The Department of Transportation warned drivers on Monday not to get distracted by a rare, once-in-a-lifetime total solar eclipse that will be visible from more than a dozen states on August 21.
The department said the complete eclipse will be visible for millions of people coast to coast, "from Oregon to South Carolina." And it will happen during the middle of the day, "when millions are on American roads, potentially causing one of the largest driver distractions in years."
The Federal Highway Administration urged drivers not to pull over to look at the eclipse in unsafe spots, and said they should be mindful of pedestrians and cyclists who might also be looking up.
"Because the totality will also cross countless smaller state routes, county roads and city streets, it is not known exactly how many people will be watching the skies that day from their cars — but we know it could be several million drivers," it said.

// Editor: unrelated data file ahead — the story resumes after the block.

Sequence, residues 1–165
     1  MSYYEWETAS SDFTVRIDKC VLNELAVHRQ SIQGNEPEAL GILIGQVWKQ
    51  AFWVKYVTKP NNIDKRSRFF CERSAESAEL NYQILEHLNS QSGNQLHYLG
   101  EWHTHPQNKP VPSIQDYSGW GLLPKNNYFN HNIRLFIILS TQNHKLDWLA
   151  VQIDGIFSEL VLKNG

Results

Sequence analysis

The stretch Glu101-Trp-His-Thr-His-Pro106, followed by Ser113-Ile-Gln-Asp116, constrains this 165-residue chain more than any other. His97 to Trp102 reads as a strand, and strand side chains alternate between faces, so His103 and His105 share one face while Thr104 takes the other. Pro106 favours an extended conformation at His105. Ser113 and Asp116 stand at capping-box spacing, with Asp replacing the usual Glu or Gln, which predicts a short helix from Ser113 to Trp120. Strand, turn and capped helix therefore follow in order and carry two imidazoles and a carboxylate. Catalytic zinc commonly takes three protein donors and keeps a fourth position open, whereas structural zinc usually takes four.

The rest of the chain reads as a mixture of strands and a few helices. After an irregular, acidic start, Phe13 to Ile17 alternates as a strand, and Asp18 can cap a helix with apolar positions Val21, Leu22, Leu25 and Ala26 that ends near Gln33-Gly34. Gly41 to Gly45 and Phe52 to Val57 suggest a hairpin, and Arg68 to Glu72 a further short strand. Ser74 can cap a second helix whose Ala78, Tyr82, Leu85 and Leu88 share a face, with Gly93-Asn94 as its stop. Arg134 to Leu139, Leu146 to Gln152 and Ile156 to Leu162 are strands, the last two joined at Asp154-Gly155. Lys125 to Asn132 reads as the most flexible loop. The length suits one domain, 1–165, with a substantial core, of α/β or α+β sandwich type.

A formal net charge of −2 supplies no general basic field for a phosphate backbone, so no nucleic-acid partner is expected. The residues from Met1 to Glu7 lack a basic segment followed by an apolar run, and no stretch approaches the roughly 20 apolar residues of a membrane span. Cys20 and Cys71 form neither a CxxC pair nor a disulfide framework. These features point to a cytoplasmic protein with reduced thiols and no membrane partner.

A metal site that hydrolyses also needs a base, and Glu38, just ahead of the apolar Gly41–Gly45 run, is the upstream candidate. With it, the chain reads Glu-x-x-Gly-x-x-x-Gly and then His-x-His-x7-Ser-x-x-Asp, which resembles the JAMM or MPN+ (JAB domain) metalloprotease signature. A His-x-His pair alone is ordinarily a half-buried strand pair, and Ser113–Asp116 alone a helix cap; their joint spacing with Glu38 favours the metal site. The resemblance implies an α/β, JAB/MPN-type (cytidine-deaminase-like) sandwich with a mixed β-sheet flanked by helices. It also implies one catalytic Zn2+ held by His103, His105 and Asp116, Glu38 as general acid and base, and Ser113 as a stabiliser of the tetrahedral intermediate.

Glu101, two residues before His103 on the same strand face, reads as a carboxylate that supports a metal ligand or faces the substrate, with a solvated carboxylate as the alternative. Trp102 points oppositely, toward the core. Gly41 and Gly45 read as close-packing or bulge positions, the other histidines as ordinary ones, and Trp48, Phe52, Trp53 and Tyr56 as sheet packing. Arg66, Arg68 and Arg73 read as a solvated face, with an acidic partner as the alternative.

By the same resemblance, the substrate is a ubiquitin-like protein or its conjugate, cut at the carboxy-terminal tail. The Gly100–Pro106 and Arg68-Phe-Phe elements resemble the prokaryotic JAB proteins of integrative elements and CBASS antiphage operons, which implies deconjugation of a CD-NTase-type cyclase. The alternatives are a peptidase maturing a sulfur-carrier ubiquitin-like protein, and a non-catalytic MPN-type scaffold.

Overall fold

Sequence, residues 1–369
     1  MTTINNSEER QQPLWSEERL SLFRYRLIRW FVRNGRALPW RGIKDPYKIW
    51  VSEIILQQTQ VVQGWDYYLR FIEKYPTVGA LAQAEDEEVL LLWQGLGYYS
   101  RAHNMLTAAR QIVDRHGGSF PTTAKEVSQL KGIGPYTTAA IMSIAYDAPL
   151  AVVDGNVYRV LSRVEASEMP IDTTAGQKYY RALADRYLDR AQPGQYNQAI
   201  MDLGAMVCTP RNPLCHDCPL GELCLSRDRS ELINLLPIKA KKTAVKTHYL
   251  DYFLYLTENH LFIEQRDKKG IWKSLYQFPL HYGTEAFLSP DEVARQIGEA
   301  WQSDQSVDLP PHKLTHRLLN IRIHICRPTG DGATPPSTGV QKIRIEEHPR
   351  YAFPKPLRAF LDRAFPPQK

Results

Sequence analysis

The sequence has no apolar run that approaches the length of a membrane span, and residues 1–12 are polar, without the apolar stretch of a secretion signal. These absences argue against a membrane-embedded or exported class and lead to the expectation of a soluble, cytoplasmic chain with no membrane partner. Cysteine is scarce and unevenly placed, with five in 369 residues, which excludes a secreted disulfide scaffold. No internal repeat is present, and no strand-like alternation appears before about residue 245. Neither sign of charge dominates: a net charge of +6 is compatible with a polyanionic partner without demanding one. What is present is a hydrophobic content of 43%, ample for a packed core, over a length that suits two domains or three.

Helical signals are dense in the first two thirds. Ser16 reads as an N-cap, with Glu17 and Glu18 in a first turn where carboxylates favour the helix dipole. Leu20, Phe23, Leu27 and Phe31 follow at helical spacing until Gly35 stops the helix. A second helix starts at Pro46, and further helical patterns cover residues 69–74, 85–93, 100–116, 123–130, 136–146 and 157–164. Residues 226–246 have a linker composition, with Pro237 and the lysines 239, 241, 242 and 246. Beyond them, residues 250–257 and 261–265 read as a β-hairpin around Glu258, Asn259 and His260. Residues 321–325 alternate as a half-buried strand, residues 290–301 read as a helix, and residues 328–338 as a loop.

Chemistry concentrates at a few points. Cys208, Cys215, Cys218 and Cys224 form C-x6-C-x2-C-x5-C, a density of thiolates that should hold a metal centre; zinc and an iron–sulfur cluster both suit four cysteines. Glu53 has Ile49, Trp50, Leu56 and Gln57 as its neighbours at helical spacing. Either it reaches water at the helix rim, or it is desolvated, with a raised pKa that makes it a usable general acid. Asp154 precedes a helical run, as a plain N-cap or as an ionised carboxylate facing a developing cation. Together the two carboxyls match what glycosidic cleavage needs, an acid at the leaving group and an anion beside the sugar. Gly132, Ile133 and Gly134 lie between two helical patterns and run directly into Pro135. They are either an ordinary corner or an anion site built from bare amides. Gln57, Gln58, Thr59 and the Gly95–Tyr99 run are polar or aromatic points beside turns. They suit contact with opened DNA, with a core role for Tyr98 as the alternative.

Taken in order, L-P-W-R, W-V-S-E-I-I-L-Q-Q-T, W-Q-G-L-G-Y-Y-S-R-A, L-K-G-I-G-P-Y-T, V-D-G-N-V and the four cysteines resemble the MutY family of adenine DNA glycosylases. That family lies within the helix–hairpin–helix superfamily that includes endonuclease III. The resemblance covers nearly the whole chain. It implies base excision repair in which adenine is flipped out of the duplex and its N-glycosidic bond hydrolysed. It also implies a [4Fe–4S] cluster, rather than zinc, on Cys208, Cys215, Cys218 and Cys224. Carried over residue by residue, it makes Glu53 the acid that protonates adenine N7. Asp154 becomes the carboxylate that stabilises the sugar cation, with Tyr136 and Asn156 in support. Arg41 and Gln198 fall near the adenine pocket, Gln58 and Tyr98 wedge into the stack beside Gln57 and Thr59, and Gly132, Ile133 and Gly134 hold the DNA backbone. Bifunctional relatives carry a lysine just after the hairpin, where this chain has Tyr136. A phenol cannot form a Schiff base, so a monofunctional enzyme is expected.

"It will be short-lived, but we expect more traffic congestion that day," it added. "As a result, FHWA urges travelers to plan their road trips in advance by visiting the 14 state DOT websites for real-time traveler information."
The department has a website on the upcoming eclipse that includes transportation information, safety tips and information from the 14 states that will see a total eclipse.
The department said the only way to look at an eclipse safely is through "special-purpose solar filters, such as eclipse glasses or handheld solar viewers."